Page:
Geological Society of America Establishes the "Farouk El-Baz Student Award" to Promote Desert Research
Contact: Kira Jastive, 617-358-1240 | email@example.com
(Boston) – Boston University today announced that the Geological Society of America (GSA) has established the “Farouk El-Baz Student Award” to encourage and promote desert research throughout the world. The award is named in honor of Dr. Farouk El-Baz, noted geologist and expert on the origin and evolution of desert landforms who directs the Boston University Center for Remote Sensing.
The award fund of $100,000 was generously provided by the Qatar Foundation as an endowment. Up to one male and one female student will be awarded $2,500 each, based on a proposal for arid land research and a recommendation by an advisor. The GSA Committee on Research Grants will select awardees.
“Deserts have received far les attention than other types of landforms in geological studies. This award aims to encourage more students to pursue investigations of arid lands, which constitute over one-third of the land surface of our planet,” said El-Baz. “It’s an important area of science deserving of increased scientific investigations.”
In 1999, the GSA established the “Farouk El-Baz Award for Desert Research,” to recognize excellence in arid land studies. An annual distribution of $10,000 has been awarded to leading experts in desert research from the international scientific community. The new award is designed to encourage more students to enter the field of desert study.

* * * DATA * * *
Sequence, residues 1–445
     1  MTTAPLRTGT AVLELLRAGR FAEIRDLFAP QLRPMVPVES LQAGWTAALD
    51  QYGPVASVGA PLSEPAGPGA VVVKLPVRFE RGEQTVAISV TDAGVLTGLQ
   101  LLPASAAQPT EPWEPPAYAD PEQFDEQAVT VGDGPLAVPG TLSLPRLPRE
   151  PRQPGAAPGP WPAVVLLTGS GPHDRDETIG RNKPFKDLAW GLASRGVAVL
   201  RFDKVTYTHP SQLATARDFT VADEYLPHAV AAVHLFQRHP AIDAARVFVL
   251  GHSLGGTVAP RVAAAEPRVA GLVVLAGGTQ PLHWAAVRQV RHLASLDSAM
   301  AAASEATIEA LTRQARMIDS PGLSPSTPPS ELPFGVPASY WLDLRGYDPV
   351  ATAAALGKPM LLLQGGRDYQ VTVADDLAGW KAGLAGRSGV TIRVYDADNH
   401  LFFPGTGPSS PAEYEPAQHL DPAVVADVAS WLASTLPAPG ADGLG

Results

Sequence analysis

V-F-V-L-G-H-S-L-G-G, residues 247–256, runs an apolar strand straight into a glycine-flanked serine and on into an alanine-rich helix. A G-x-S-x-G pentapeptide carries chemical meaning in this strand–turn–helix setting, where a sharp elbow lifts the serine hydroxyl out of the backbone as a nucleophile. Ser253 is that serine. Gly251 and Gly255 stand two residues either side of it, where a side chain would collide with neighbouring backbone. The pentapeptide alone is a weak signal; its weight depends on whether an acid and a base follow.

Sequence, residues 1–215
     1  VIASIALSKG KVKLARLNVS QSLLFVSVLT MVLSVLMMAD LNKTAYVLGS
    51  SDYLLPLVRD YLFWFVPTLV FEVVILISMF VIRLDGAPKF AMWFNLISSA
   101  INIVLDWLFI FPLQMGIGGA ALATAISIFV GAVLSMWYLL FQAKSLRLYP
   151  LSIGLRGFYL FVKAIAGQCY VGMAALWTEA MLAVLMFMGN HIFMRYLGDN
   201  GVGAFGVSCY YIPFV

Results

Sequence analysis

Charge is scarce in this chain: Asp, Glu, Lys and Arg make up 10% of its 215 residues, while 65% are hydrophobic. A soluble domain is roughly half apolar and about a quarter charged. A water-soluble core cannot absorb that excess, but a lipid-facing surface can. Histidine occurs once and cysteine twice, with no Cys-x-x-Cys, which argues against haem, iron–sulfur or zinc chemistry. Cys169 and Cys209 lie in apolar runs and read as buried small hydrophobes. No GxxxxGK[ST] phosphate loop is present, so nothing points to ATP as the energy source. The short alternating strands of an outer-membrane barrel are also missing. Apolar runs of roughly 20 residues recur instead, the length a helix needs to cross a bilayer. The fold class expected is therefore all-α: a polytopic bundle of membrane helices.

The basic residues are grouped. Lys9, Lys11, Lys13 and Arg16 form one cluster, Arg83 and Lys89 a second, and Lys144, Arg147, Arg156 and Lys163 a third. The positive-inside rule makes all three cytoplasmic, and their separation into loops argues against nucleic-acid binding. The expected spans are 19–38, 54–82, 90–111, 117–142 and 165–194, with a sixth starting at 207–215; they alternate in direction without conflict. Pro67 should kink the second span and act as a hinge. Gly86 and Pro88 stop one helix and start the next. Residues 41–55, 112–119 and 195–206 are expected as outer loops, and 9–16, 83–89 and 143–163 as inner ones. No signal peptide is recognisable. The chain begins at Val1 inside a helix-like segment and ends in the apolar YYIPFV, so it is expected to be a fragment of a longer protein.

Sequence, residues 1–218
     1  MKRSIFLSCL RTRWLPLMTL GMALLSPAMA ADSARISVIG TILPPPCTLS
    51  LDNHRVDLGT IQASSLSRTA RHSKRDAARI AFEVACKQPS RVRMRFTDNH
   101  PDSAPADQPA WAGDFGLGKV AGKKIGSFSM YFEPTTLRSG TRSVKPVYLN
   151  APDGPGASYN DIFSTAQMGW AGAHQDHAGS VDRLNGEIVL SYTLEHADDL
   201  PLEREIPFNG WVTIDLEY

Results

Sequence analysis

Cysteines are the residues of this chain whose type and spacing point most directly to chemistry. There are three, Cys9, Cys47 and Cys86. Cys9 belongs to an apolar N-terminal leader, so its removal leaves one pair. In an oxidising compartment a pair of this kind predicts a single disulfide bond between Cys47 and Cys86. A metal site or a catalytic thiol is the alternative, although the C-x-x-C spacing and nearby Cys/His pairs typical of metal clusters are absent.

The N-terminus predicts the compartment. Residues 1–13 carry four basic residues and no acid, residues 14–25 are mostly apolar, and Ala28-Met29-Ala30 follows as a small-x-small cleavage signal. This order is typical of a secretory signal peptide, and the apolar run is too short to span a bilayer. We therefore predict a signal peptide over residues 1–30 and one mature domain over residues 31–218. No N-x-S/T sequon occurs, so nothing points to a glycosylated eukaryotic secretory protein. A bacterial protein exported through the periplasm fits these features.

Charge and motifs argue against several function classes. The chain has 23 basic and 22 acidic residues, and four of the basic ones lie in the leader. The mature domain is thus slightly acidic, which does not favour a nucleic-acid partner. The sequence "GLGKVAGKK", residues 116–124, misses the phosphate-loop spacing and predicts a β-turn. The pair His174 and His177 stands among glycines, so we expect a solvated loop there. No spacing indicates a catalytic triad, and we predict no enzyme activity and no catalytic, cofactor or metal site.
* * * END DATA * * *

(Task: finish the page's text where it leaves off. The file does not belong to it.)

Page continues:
“The Geological Society of America is very excited about this new award and the scientific contributions to desert science it will support,” said Dr. Stephen G. Wells, GSA president and president of the Desert Research Institute, Nevada System of Higher Education. “We are deeply grateful for the generosity of the Qatar Foundation and for the leadership of its chair, H.H. Sheikha Mozah Bint Nasser Al-Missned. We are also very appreciative of the remarkable efforts of Dr. El-Baz, a trustee of the GSA, in advancing and promoting desert research by GSA members.”
Applicants for the student award need not be geologists or U.S. citizens. Additional information available on the GSA Foundation Web site: www.gsafweb.org/gsafcontactinfor.html.
Dr. El-Baz, a veteran of NASA’s Apollo program, is research professor and director of the Boston University Center for Remote Sensing. He is renowned for pioneering research in the applications of satellite images to study deserts worldwide, with emphasis on the location of groundwater resources. He is a member of the U.S. National Academy of Engineering and serves on its committee to identify “Grand Challenges for Engineering” in the next century.
The Qatar Foundation for Education, Science and Community Development is a private, chartered, non-profit organization. It was founded in 1995 by the Emir of the State of Qatar to develop centers for progressive education, research and community welfare. It is chaired by H.H. Sheikha Mozah Bint Nasser Al-Missned, consort of the Emir of Qatar.
The Geological Society of America is a non-profit, professional organization with over 20,000 members in 85 countries. Among its aims is the promotion of the geo-sciences in the service of humanity. Its awards are managed by the GSA Foundation at 330 Penrose Place, Boulder, CO.
Founded in 1839, Boston University is an internationally recognized institution of higher education and research. With more than 30,000 students, it is the fourth largest independent university in the United States. BU contains 17 colleges and schools along with a number of multi-disciplinary centers and institutes which are central to the school’s research and teaching mission.